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EEW Magazine Profiles In Black History Series: Ida B.
Wells
Article By  Empowering Everyday Women // Black History Profile Series

FEBRUARY 13, 2017

Ida B. Wells was an African-American journalist, suffragist, feminist and a fierce campaigner against
lynchings.

Ida was born in Holly Springs Mississippi in 1862, and lost both her parents (as well as one of her
siblings) at age 16 to a yellow fever epidemic in 1878.

Rather than have the surviving family split up and put in foster homes, Ida found work as a teacher
in a black elementary school, and her grandmother would watch her siblings while Ida was away
teaching.

In the 1890s, Ida began investigative journalism by examining the charges given for death by
lynching. Her research revealed that lynching was commonly used in the South as a way to control
or punish black people who economically competed with whites, rather than as punishment for an
actual crime.

To raise awareness and opposition to lynching, Ida spoke to groups in New York City, where her
audiences included a good amount of female African American leaders.

Due to the many threats made against her by angry Southern whites, Ida was forced to move from
her home in Memphis, Tennessee to Chicago, Illinois. However, she was not silenced. She went on
two tours to Europe in 1893 and 1894 to awaken the British public to the problem of lynching in the
U.S.

Before leaving the United States for her second visit to Great Britain in 1894, Ida wrote an article for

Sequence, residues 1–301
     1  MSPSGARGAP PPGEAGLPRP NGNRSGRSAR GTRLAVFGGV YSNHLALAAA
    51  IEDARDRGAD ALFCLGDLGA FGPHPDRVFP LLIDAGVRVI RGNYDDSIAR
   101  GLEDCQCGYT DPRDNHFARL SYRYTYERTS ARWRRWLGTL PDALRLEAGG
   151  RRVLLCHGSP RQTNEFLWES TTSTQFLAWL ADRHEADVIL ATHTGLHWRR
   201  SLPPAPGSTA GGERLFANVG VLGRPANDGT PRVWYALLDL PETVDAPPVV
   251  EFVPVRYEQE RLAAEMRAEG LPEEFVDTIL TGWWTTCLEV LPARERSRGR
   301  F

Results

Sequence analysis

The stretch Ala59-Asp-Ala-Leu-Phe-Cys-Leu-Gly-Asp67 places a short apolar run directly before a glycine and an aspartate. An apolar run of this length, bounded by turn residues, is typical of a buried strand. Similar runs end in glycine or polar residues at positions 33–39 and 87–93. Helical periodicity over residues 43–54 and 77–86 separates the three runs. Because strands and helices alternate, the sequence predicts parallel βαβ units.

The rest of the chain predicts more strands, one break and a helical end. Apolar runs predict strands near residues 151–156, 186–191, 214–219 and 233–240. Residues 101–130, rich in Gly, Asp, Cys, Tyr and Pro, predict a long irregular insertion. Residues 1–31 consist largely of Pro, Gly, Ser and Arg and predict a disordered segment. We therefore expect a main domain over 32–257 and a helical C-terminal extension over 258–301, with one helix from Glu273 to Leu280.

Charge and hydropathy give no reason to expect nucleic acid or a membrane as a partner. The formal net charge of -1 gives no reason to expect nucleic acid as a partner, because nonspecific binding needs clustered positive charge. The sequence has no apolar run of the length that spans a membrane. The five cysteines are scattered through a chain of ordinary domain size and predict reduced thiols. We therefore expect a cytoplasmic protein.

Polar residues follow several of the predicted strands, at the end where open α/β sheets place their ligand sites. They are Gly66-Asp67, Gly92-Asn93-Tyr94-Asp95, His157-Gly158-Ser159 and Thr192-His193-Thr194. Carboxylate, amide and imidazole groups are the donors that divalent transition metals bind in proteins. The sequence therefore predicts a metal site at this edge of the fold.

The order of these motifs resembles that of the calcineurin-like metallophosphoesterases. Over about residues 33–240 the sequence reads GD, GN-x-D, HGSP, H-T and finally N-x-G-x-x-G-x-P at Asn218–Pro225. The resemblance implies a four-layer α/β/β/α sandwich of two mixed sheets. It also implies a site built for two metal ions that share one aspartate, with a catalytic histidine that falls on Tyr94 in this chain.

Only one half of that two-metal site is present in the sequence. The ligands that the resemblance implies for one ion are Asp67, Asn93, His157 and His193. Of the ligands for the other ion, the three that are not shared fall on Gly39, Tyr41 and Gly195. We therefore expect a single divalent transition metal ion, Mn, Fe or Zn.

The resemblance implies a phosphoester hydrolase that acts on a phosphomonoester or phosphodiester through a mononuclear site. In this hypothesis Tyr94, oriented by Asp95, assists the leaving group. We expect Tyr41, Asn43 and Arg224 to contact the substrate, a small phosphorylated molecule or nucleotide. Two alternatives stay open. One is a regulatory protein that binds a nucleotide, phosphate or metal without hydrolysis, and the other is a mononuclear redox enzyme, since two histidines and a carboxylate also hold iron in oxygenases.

Daily Inter-Ocean, the only major white newspaper that persistently denounced lynching.

Later in that same year, she helped form a Republican Women’s Club, and in 1896, she founded
the National Association of Colored Women’s Clubs and was a leader of the National Afro-American
Council.

Ida also worked to improve conditions for Chicago’s rapidly growing African-American population,
which was composed of blacks leaving the South in the Great Migration to find better jobs in the
North.

Once she finally retired, Ida began to write her autobiography. The book was never finished, as she
died on March 25, 1931, age 68.

On February 1, 1990, the United States Postal Service sent out a 25-cent postage stamp in her
honor; and in 2002,
Molefi Kete Asante listed Ida on his list of 100 Greatest African Americans.
Copyright © 2017-2020 Empowering Everyday Women Ministries, Inc. All rights reserved.
Reproduction in whole or in part without permission is prohibited.
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